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Other titles in the Between Men-Between Women: Lesbian & Gay Studies series:
Fashioning Sapphism: The Origins of a Modern English Lesbian Culture (Between Men-Between Women: Lesbian & Gay Studies)by Laura L. Doan
Synopses & Reviews
An in-depth study of early 20th century social conditions and cultural trends in Britain that constructed the popular image of the "modern lesbian"
Book News Annotation:
Doan (affiliation not cited) traces the origins of modern English lesbian culture, paying particular attention to the publication of the novel The Well of Loneliness (1928), which had a lesbian protagonist, and the subsequent obscenity trial of its author, Radclyffe Hall. Other prominent lesbians profiled include the pioneer in women's policing, Mary Sophia Allen; the artist Gluck; and the writer Bryher (Winnifred Ellerman). Individual chapters focus on law, sexology, fashion, and literary and visual representation (including 32 sketches and photographs).
Annotation c. Book News, Inc., Portland, OR (booknews.com)
The highly publicized obscenity trial of Radclyffe Hall's The Well of Loneliness (1928) is generally recognized as the crystallizing moment in the construction of a visible modern English lesbian culture, marking a great divide between innocence and deviance, private and public, New Woman and Modern Lesbian. Yet despite unreserved agreement on the importance of this cultural moment, previous studies often reductively distort our reading of the formation of early twentieth-century lesbian identity, either by neglecting to examine in detail the developments leading up to the ban or by framing events in too broad a context against other cultural phenomena.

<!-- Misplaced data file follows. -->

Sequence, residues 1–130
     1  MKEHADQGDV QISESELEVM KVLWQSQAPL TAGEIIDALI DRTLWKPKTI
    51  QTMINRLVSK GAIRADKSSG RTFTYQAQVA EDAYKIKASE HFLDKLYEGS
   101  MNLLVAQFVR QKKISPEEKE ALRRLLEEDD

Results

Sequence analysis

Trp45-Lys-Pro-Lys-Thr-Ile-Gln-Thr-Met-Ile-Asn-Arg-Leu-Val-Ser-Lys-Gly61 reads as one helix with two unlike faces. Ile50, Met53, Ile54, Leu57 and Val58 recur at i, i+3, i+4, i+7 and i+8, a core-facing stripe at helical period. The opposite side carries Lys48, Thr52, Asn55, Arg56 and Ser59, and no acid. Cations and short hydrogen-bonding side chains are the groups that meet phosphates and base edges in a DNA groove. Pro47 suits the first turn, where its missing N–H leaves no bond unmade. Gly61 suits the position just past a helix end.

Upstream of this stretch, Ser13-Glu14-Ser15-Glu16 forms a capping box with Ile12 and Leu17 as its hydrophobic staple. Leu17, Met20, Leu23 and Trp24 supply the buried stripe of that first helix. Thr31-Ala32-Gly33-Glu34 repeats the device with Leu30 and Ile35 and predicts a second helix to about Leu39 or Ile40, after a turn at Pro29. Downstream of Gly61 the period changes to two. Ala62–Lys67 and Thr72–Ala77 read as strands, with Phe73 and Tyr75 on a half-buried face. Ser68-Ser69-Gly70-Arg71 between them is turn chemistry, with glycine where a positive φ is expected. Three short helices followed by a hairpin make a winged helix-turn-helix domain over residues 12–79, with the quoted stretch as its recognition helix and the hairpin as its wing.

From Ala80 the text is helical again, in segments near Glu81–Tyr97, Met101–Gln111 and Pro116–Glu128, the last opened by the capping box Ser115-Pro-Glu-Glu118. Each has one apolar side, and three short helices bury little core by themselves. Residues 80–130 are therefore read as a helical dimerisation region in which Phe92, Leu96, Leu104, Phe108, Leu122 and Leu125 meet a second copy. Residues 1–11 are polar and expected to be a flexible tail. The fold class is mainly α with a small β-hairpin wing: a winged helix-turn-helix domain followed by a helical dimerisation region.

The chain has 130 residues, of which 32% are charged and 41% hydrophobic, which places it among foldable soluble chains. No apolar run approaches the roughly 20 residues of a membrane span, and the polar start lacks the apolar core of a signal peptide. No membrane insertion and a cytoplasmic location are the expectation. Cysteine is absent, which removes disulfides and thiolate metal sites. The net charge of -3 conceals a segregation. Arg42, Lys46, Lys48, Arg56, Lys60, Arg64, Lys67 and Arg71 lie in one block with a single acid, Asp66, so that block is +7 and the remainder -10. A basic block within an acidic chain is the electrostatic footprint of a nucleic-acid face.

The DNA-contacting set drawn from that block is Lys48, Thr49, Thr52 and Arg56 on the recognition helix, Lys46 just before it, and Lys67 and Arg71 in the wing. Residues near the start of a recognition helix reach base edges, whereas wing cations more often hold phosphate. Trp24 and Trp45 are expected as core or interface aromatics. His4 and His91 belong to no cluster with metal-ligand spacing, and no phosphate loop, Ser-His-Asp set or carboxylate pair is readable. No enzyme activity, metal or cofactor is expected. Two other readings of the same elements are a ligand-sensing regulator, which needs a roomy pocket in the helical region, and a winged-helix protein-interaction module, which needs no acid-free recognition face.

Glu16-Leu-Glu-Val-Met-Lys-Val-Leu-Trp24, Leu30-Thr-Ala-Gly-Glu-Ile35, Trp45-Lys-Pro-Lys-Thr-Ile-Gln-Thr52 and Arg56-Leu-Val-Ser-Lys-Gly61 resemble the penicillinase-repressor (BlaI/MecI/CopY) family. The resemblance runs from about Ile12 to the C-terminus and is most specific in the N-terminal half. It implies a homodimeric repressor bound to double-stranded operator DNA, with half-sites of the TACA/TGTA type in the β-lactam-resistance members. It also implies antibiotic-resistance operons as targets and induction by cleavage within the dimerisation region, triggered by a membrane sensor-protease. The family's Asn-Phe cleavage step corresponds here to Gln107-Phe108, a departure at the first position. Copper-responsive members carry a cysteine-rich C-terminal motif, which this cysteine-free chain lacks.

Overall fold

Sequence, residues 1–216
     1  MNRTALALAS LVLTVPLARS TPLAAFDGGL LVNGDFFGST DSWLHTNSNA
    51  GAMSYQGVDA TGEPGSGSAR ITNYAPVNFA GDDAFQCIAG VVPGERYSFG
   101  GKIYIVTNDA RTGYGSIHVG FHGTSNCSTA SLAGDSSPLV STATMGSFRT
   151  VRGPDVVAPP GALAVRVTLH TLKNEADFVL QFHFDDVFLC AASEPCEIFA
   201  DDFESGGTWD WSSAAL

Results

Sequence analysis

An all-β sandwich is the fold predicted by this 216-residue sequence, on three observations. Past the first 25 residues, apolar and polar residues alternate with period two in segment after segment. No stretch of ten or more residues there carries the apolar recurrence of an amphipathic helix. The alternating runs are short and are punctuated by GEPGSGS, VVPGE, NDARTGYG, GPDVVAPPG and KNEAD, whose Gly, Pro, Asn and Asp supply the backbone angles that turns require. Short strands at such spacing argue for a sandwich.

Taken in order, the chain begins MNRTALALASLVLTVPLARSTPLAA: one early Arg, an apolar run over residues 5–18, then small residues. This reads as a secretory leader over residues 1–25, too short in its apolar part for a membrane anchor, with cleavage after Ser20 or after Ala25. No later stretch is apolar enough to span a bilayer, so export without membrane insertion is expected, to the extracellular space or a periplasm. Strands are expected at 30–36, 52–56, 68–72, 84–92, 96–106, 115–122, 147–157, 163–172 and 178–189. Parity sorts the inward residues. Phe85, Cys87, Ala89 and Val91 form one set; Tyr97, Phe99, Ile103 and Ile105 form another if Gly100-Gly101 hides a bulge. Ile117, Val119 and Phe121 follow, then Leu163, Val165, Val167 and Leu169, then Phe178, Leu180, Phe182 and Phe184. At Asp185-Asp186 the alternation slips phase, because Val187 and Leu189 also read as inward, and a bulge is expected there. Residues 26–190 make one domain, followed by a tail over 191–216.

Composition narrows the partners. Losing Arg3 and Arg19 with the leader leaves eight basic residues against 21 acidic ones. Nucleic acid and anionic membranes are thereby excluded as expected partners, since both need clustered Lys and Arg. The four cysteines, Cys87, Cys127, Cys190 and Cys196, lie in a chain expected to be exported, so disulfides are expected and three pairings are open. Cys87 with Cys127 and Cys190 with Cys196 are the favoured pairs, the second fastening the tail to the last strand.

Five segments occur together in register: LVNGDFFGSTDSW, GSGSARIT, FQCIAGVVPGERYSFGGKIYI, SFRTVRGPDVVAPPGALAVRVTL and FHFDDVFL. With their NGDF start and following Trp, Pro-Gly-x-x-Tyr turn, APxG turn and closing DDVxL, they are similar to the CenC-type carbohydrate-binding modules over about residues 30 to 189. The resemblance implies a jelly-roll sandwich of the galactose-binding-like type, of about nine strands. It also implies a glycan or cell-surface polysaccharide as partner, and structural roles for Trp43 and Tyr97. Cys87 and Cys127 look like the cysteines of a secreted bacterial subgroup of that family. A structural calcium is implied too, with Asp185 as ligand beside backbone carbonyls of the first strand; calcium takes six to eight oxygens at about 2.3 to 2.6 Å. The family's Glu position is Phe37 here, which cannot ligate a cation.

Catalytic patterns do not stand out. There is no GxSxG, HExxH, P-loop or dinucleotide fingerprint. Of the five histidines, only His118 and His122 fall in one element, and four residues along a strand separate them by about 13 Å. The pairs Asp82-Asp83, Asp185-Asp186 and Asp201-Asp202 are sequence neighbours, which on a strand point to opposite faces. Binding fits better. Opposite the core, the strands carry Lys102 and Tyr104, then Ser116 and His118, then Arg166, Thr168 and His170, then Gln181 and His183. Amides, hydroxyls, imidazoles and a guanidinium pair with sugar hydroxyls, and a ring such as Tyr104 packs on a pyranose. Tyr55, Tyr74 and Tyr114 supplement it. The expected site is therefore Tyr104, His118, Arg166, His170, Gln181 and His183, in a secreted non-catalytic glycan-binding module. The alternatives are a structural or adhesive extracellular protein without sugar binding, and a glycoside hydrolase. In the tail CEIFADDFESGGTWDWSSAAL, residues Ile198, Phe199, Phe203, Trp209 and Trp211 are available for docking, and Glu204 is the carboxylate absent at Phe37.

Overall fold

Fashioning Sapphism locates the novelist Radclyffe Hall and other prominent lesbians — including the pioneer in women's policing, Mary Allen, the artist Gluck, and the writer Bryher — within English modernity through the multiple sites of law, sexology, fashion, and literary and visual representation, thus tracing the emergence of a modern English lesbian subculture in the first two decades of the twentieth century. Drawing on extensive new archival research, the book interrogates anew a range of myths long accepted without question (and still in circulation) concerning, to cite only a few, the extent of homophobia in the 1920s, the strategic deployment of sexology against sexual minorities, and the rigidity of certain cultural codes to denote lesbianism in public culture.
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